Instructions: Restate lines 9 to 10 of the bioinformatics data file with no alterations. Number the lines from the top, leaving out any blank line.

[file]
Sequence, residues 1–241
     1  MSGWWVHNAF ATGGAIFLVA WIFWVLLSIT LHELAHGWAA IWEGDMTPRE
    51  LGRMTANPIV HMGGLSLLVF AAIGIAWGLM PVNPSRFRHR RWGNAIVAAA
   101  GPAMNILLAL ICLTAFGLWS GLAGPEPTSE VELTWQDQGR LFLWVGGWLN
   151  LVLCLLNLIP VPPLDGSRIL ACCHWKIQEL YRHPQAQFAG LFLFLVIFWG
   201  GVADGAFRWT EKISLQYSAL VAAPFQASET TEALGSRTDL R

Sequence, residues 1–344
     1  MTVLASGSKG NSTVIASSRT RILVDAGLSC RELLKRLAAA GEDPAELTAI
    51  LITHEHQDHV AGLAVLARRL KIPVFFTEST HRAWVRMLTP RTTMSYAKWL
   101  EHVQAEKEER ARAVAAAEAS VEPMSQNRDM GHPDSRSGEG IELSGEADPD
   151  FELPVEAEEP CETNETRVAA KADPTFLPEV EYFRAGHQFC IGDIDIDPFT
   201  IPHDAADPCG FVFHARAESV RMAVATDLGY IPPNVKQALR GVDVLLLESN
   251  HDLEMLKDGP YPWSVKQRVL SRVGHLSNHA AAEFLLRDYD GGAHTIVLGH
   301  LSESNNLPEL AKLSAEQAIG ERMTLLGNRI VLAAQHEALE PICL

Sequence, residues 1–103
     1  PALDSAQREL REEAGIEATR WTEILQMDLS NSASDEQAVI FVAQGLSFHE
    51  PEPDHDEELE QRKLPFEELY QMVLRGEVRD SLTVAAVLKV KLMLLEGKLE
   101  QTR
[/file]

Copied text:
    51  LITHEHQDHV AGLAVLARRL KIPVFFTEST HRAWVRMLTP RTTMSYAKWL
   101  EHVQAEKEER ARAVAAAEAS VEPMSQNRDM GHPDSRSGEG IELSGEADPD